There was a clear hint from the Prime Minister yesterday that the Government will increase borrowing to pay for the Cyclone Gabrielle recovery.
And National’s leader Christopher Luxon said that he would support that.
On Monday, at the post-Cabinet press conference, Finance Minister Grant Robertson had left open the question of whether increased taxation would pay for the recovery.
But yesterday, Prime Minister Chris Hipkins, in his annual statement to Parliament, emphasized the country’s ability to borrow.
“We know that more financial support is going to be required, but the Government is in a very strong position to contribute to that,” he said.
“We have some of the lowest debt levels on a per capita basis in the world, helped by the prudent financial management of our Minister of Finance during extraordinary times over the last five and half years.
“ We have options and choices ahead of us because of that.
“Even if we borrow more money in order to contribute to this response, we would still have lower debt than our neighbours and mates over in Australia and considerably lower than countries like Canada, the US, and the UK.”
But his statement was a sober affair in which he tried to outline the reality of the consequences of the cyclone.
Northland, Auckland, Waikato, Coromandel, the Bay of Plenty, the Tararuas, Tai Rāwhiti, and Hawke’s Bay account for 30 per cent of New Zealand’s land mass, but they are home to more than half of our population and produce about half of our GDP, he said.
“We don’t yet have a complete assessment of what the cost of that is going to be, but we know it will be significant—a multi-billion dollar price tag is ahead of us,” he said.
“And there is no point in sugar-coating it; we know that there are some tough times ahead for the whole country as we work our way through that.”
Since the weekend, the Prime Minister has been gradually enlarging on the potential consequences of the recovery rebuild.
He suggests that rebuilding the road network will require more funding than is usually available to Waka Kotahi through fuel tax and road user charges.
“Business-as-usual won’t work any more,” he said.
“We have to accept that billions of dollars of additional investment is going to be required, not just to fix up what has been damaged but to build more resilience so that we can better cope with these types of events in the future.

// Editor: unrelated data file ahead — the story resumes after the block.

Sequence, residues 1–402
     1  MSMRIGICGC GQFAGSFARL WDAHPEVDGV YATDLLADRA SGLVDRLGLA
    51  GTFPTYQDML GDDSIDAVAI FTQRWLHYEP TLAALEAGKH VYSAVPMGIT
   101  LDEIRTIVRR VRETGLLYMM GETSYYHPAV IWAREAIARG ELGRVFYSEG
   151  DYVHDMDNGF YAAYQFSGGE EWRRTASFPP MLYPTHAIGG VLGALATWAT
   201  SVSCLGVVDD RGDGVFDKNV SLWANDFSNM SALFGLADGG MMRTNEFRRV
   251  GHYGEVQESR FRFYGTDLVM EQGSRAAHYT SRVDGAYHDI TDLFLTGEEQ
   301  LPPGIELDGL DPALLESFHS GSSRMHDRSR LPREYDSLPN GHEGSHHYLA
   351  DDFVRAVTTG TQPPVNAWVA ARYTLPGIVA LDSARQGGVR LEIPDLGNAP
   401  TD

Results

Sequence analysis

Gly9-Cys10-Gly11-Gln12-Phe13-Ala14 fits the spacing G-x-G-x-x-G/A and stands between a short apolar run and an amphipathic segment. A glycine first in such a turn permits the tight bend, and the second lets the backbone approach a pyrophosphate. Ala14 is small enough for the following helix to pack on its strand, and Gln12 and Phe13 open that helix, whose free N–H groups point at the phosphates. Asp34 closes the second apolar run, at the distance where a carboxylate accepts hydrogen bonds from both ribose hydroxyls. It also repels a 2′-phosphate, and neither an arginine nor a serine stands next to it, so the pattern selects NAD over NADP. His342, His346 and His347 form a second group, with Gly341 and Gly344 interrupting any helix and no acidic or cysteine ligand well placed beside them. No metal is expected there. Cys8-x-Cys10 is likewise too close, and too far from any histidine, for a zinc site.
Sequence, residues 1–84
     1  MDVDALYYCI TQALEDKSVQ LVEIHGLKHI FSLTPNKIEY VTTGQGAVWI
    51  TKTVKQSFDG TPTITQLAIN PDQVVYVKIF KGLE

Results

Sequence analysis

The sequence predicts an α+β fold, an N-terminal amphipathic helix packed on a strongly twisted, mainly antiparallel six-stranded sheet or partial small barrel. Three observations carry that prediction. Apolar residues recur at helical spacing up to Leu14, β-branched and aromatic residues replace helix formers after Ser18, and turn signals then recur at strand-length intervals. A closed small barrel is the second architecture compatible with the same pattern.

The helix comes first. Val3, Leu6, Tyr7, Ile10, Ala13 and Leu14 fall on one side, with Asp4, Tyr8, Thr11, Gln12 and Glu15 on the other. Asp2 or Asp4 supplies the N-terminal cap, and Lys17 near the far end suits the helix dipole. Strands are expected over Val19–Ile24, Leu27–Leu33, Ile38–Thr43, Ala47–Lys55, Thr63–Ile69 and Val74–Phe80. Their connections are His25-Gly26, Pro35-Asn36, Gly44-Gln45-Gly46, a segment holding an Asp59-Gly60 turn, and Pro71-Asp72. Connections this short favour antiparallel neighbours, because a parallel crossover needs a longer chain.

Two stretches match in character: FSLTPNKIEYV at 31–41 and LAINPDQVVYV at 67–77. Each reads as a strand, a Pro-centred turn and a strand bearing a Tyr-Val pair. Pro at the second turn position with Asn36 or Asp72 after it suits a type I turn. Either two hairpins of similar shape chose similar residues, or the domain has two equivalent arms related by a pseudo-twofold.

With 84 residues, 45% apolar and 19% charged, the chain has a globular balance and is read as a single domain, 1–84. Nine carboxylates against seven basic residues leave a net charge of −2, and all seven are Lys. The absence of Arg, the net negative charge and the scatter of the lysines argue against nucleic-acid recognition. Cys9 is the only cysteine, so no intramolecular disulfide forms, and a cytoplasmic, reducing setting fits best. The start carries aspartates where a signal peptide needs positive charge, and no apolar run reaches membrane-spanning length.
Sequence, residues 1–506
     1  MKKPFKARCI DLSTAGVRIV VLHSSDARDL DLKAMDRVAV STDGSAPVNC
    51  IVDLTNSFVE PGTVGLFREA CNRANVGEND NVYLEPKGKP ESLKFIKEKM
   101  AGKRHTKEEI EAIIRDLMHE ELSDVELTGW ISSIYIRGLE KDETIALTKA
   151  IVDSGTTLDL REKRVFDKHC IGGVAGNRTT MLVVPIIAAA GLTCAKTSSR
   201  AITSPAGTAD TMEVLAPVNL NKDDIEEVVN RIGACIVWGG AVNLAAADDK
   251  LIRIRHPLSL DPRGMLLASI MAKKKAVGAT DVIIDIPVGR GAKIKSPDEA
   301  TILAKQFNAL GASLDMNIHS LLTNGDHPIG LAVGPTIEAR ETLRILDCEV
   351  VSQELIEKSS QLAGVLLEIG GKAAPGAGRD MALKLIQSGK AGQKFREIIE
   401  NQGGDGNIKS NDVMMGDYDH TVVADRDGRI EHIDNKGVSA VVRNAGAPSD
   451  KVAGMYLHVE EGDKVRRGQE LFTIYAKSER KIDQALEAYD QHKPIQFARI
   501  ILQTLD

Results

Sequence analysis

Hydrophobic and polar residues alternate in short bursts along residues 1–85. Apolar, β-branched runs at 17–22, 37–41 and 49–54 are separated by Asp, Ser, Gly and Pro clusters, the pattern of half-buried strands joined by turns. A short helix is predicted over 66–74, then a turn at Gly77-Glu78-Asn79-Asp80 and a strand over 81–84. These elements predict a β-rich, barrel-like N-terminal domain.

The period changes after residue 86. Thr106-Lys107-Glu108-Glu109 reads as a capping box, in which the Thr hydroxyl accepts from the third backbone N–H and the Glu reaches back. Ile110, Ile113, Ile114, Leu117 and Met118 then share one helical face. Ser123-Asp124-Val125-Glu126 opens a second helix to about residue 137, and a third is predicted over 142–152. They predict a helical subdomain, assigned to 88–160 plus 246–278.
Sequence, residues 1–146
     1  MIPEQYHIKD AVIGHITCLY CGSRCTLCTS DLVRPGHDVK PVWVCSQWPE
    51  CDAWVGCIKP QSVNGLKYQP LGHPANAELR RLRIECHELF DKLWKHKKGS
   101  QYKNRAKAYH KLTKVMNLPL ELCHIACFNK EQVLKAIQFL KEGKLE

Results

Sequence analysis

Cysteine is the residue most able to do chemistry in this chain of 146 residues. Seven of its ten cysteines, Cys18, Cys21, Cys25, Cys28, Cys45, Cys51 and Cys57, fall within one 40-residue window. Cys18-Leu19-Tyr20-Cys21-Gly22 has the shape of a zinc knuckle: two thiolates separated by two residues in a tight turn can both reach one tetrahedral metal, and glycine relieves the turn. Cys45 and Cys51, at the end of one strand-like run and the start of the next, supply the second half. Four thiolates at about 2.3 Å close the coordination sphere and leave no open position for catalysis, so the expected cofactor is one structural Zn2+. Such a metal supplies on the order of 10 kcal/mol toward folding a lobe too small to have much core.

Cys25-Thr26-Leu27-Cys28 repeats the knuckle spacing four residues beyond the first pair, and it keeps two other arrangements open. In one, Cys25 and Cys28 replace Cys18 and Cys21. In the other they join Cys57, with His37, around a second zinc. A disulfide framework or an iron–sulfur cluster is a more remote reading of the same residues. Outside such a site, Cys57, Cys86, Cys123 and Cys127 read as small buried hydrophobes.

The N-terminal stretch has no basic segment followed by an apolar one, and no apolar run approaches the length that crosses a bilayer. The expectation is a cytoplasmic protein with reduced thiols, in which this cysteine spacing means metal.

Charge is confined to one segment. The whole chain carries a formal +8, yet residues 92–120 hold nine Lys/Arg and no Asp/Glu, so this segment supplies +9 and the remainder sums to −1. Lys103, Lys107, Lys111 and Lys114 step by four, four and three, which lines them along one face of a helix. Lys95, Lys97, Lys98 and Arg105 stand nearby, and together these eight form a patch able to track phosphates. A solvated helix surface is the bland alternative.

“We cannot fund new roads, though, by cutting the funding for road maintenance.”
That suggests some of the possible borrowing will be directed to Waka Kotahi.
But there was evidence of some of the challenges that the Government will face as it begins the road rebuild, with suggestions that some roads might not be rebuilt at all.
An obvious candidate for non-replacement is the Kopu Hikuai road across the Coromandel peninsula, part of which has completely slipped away.
Coromandel MP Scott Simpson, in the debate that followed Hipkins’s statement, said it had not slipped, “the road is actually lost; it’s gone.”
“Just one look at it is enough to be clear in everyone’s mind that that repair job is going to be an enormously big one,” he said.
“I want to put it on record right now that State Highway 25A across the Coromandel is absolutely in the necessary category and must be repaired as soon as possible because the alternatives add time and cost to everybody on the peninsula.”
National’s leader Christopher Luxon’s response to Hipkins was a low-key speech, repeating much of National’s usual claims that the Government doesn’t deliver, that nothing has really changed with Hipkins taking over the leadership and that the Government’s extravagance has fueled inflation.
But he also emphasized that National wanted to be supportive and constructive and offer constructive solutions.
“We know that this rebuilding effort is about New Zealand; it’s not about politics right now,” he said.
And as evidence of that, he offered immediate support for Government borrowing to pay for the rebuild.
“We know and appreciate that we’ll need to borrow the money to be able to fund a quality, fast, and good recovery,” he said.
“We get that; we understand that.
“But I have to say our concerns are all about delivery, and it’s all about us being quite sceptical of a Government that talks about “building back better.”
“We’ve heard those words before: we heard them during Covid, we heard them over the course of this year. It over-promises, and it under-delivers.”
It was Climate Change Minister James Shaw who raised what turned out to be the dominant question after the Christchurch earthquake; who pays for what in the rebuild.
He indicated the Government was now looking at bringing forward the Climate Change Adaptation Bill, which, as recently as the end of last week, was not expected to make it into law until next year.
“At the moment, there are many New Zealanders who are very worried about the extent to which they understand what their share of the cost or the risk is here—who pays for it and so on,” he said.
“There is currently no clarity about the share of risk and cost that is borne by the householder, their insurance company, their bank, their local authority, or central Government.
“And generally, what that means in that state of clarity is that it all tends to land on central Government.
“And as the Minister of Finance has noted on a number of occasions, there basically isn’t enough money in the world to be able to cover every single cost, and we do need to take a hardship-focused approach to support the people who need it the most, but we also need to make it really clear who bears what portion of what cost, and that is the intention of that bill.
“And there have been calls to accelerate that, and we are looking at what we can do to accelerate that, or portions of that, bill to help us cope with the immediate crisis.”
Shaw said he would take up National’s offer to work with him on the legislation.